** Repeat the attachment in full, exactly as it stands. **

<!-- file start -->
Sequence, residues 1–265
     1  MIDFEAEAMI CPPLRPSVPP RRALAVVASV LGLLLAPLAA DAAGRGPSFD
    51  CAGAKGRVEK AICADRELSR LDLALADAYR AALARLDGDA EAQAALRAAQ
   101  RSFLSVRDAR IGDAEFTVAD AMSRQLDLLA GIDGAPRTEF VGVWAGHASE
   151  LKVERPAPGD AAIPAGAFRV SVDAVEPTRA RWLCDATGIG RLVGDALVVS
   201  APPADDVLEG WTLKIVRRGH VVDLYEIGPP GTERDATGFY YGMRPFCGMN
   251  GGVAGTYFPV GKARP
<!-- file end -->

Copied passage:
Sequence, residues 1–265
     1  MIDFEAEAMI CPPLRPSVPP RRALAVVASV LGLLLAPLAA DAAGRGPSFD
    51  CAGAKGRVEK AICADRELSR LDLALADAYR AALARLDGDA EAQAALRAAQ
   101  RSFLSVRDAR IGDAEFTVAD AMSRQLDLLA GIDGAPRTEF VGVWAGHASE
   151  LKVERPAPGD AAIPAGAFRV SVDAVEPTRA RWLCDATGIG RLVGDALVVS
   201  APPADDVLEG WTLKIVRRGH VVDLYEIGPP GTERDATGFY YGMRPFCGMN
   251  GGVAGTYFPV GKARP